Whenever I travel to a new country, I always make sure to visit the natural history museums first. I find great joy at observing the creatures that exist in our world, and those that once roamed the land. As such, when I heard that there was a natural museum located at the University of Florida, I made sure to visit it on the weekend of the my second month as a UF Freshman. It was a wonderful experience, made better by the fact that the exams were still a few weeks away; the museum may not have the mind-blowing number of specimens that the most famous ones located in New York and Washington D.C. have, but I think anyone in the area of Gainesville would enjoy its focus on Florida fauna and flora. I’ve been visiting the museum several times since then, but this will be the first time that I do so in order to understand the impact that natural history has on me.
Nature on Display
To the best of my knowledge, this area of the museum is known as the Florida Fossil Hall. It is a room that contains skeletons of animals from five geological periods. The reason why this room was so appealing to me is because it felt like the skeletons could come into life at any moment; there were positioned in a way that look natural yet intimidating. The room’s resemblance to a habitat captured the attention of the little children that passed by me as I took a picture of the gargantuan sloth skeleton; they were pointing at the giant bird skeleton, wondering if it would come to life and peck them all. One thing that I did not know prior to coming to the museum was that llamas became extinct in North America about 10,000 years ago, implying that they were probably living happily in this land for hundreds of thousands of years. This comes as a big surprise to me, in light of the fact that I come from one of the few countries that has domesticated the llamas, Peru; until my visit to the museum, I was under the impression that llamas had only ever existed in the Andes Mountains. It is the joy of discovering something that I didn’t know before that keeps me looking for new natural history museums to expand my knowledge of earth’s biodiversity.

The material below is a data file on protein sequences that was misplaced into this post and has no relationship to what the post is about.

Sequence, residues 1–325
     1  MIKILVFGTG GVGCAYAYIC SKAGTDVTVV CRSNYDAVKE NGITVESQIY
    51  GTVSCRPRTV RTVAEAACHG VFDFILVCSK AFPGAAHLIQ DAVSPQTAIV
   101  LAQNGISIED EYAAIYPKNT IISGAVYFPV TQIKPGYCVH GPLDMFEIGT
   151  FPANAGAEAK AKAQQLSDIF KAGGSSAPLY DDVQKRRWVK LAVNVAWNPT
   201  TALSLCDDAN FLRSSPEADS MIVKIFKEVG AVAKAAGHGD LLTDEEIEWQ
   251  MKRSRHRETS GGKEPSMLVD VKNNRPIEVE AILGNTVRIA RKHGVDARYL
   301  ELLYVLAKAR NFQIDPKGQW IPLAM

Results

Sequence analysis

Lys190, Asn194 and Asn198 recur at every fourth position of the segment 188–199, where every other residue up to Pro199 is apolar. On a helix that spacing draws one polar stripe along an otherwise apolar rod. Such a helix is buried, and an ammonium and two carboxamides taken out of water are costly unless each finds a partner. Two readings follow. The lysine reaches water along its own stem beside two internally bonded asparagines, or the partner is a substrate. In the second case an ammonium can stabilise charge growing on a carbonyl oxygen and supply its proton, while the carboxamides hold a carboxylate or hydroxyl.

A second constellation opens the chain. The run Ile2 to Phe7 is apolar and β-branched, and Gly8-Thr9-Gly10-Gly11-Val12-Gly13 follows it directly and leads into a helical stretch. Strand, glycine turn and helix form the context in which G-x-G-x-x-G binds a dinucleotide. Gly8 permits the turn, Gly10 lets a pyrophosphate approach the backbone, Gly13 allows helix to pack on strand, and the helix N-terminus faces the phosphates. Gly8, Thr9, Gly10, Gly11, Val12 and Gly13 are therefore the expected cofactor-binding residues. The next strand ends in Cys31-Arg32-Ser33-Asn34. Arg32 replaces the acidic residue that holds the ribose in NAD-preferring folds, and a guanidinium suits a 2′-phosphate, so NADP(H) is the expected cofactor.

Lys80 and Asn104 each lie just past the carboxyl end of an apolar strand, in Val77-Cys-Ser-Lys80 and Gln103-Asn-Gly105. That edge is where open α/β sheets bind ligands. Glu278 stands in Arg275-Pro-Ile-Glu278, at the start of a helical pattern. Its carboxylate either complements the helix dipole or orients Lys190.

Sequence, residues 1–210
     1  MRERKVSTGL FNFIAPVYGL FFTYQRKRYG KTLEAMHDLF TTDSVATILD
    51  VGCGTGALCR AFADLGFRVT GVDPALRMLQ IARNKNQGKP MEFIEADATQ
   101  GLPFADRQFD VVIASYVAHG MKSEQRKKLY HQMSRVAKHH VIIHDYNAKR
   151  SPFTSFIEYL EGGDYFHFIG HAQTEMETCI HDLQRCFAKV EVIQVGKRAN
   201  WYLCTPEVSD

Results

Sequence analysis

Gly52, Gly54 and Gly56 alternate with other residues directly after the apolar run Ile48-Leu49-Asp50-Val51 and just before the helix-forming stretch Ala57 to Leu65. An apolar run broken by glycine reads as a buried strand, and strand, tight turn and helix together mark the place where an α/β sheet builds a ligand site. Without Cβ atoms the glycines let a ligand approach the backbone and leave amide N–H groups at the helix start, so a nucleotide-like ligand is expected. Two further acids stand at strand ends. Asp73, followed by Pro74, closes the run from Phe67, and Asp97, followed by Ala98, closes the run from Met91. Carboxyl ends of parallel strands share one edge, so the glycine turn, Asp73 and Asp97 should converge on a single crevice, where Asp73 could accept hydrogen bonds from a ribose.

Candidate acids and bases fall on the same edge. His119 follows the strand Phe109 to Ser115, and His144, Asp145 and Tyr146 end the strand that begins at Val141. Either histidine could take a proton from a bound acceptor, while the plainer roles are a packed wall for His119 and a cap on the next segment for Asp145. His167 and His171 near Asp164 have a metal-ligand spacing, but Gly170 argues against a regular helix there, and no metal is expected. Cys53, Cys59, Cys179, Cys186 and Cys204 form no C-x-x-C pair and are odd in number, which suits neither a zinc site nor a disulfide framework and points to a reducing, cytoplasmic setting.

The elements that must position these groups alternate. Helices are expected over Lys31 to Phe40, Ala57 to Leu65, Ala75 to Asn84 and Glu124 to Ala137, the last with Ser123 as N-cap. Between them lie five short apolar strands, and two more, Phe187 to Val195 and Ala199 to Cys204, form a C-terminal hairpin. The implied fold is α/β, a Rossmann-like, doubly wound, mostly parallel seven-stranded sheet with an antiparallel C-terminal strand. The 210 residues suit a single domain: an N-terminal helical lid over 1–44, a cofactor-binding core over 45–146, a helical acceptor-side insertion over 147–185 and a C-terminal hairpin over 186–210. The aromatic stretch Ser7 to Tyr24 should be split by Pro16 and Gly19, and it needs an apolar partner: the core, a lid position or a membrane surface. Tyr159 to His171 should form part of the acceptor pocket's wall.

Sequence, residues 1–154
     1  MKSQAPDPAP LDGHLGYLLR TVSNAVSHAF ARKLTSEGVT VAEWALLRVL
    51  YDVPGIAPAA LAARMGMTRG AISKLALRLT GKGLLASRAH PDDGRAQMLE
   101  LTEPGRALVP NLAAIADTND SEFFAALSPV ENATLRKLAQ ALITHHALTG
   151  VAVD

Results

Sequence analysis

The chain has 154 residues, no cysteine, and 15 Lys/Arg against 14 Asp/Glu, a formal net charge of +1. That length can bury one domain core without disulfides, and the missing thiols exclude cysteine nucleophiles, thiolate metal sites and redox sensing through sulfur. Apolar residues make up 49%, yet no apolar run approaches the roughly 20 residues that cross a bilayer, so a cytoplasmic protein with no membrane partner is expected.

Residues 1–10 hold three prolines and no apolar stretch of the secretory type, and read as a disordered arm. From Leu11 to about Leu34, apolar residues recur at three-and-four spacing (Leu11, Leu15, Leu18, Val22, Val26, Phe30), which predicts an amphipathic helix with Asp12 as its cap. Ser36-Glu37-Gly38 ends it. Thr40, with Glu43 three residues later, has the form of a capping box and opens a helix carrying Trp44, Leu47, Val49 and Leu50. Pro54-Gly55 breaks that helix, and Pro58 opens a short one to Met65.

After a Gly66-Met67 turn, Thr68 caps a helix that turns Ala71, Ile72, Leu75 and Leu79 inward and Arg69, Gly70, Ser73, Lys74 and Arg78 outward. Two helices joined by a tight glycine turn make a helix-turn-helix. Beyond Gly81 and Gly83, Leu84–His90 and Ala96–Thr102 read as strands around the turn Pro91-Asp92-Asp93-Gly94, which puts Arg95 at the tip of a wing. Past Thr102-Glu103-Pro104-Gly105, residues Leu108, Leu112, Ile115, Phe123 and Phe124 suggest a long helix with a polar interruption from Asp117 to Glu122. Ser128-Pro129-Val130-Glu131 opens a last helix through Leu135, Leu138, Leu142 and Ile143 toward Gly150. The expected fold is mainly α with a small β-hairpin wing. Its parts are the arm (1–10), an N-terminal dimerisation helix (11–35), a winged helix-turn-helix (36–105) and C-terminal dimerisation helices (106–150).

Nature and Ethics
As I mentioned before, this museum has a special focus on the natural history of Florida. When people enter the museum, one of the first exhibitions that everyone sees (as it is in the front of the museum) is the one that shows the Native American population that used to reside in Florida hundreds of years ago. I think having humans as part of the natural history museum is the best way to connect people with Earth’s biotic community, as it highlights that we, in Florida, are not that different from people of other regions or times in history. I have an easier time identifying myself with Indian culture and paintings because my family comes from a branch of Native American ancestry. When I look at their paintings or representations of their everyday life, I see people who do not wish to harm the environment, who take only as much as they need to survive, and who cherish the land and nurture it. This realization gave rise to sense of frustration at the downside of industrialization: deforestation, the extinction of fauna and flora, and the contamination of the air and water. However, I also experienced a sense of relieve when I overheard a couple teaching their children about the Native Americans; while the damage has already been done, I hope that people don’t think that it is too late to help restore a culture that has a lot to offer to the world.